Farmwife #10: Laura Waterfield
Age at this writing: 43
Laura Waterfield is a self-proclaimed “farm girl” who farms with her husband on a grain farm near Kitscoty, Alberta, approximately two hours east of Edmonton. It is the farm her husband grew up on. Since 2013, they’ve diversified by starting F’Laura n’ Company Greenhouse. She and her husband Dean have been married 20 years and have three sons.
When I asked her: “What does the term ‘farmwife’ mean to you, and do you consider yourself to be one?”, this was her answer:
A: “I think being a farmwife involves more than simply being married to a farmer. It doesn’t necessarily mean that a woman has to be hands-on in every aspect of the operation, but she has to be “committed” to the farm. For me, farming is not just a way to make a living. It is a way of life, and thus in many ways, it defines who I am, and how I view the world. Do I consider myself to be a “farmwife”? The answer is yes.”
Q: On some Canadian farms where multiple families are involved, there are a variety of land and home-ownership complexities that still exist today. In terms of the ownership setup of your farm – is there anything that worries you about your own or your children’s security?
A: “If you had asked me that question 2 years ago my answer would have been different than it is today. My husband and I knew there were some changes that needed to be made to ensure that myself and our boys would have a future on the farm should something happen to him, but we weren’t in a panic to get the ball rolling. Then, in June of 2015, a very close friend (and a fellow farmer) was killed in a tragic vehicle accident. Suddenly it became blatantly obvious to both of us that we needed to get loose ends taken care of immediately. Now, I can say that I feel confident my children and I are secure.”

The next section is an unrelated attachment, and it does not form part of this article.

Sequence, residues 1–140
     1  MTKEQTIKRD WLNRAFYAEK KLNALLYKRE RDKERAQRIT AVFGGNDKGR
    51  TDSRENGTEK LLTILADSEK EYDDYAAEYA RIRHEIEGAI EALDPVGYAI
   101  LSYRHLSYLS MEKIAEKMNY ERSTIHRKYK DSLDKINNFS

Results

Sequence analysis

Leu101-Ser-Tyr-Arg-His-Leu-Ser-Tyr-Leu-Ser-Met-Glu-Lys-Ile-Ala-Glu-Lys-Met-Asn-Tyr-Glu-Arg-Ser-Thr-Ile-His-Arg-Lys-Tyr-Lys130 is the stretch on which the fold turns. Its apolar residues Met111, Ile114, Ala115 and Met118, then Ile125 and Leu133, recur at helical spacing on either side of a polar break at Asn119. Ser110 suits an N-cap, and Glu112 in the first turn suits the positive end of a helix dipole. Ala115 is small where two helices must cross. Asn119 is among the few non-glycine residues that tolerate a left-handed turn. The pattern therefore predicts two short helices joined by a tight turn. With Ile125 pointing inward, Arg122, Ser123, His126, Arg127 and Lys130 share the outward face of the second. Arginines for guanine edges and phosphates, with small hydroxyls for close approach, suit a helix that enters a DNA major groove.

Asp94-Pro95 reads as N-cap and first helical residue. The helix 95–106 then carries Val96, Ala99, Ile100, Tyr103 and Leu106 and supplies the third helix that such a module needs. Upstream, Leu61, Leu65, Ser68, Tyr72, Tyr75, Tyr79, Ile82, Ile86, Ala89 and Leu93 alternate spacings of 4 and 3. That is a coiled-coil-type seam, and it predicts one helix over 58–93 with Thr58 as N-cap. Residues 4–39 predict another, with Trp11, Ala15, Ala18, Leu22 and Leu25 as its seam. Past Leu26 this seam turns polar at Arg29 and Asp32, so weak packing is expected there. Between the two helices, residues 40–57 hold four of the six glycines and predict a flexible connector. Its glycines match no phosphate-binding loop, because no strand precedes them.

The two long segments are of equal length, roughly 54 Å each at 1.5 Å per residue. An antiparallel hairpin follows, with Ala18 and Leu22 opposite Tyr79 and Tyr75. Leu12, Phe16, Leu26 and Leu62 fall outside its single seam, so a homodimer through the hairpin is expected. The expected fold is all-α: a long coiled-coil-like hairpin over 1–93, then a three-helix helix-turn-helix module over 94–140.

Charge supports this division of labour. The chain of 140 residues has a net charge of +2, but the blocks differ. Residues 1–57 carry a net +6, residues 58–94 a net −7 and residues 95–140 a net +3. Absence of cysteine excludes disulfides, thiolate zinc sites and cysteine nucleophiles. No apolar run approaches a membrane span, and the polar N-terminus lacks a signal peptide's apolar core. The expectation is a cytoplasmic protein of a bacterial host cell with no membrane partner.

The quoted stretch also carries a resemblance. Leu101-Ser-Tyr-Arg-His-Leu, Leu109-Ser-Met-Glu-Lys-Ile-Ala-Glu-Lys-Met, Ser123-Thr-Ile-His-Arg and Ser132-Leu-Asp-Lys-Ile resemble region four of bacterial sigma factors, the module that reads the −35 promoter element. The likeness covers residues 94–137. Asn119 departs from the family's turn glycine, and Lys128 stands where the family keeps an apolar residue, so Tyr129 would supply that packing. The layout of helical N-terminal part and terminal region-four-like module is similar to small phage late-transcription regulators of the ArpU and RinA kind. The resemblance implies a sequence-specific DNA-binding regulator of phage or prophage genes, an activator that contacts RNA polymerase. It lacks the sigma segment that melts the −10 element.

Q: What is a hilarious story you can share about life on your farm?
A: “In the early spring of 2002, my husband and I bought 50 bred heifers. In our area, 2002 was a drought year. We fed hay and grain all summer. The only bits of green grass were in the ditches, and most of the crops didn’t even emerge out of the ground. My husband decided to take on a job long-haul trucking to help make ends meet. That meant that I was left behind to care for 200 cow-calf pairs, a four-year-old, and a one-year-old. It goes without saying that when one’s husband is away anything that can go wrong will go wrong. To make matters worse every one of those heifers was a fence jumper! They got so accustomed to me putting them back in that eventually all I had to do was roll down the truck window and yell. Sometimes, they would jump back over the fence when they saw me coming. About mid-July, the stress caught up with me, and I got really sick. One day when I was at my worst a neighbour stopped by to let me know we had cows out. Normally I would have invited him in for coffee, but I was running a fever and my head was pounding. When I heard the news I told him “tell them to get the $*#* back where they are supposed to be” and I shut the door. Sometime later I found out that he said exactly what I told him to, and they did!”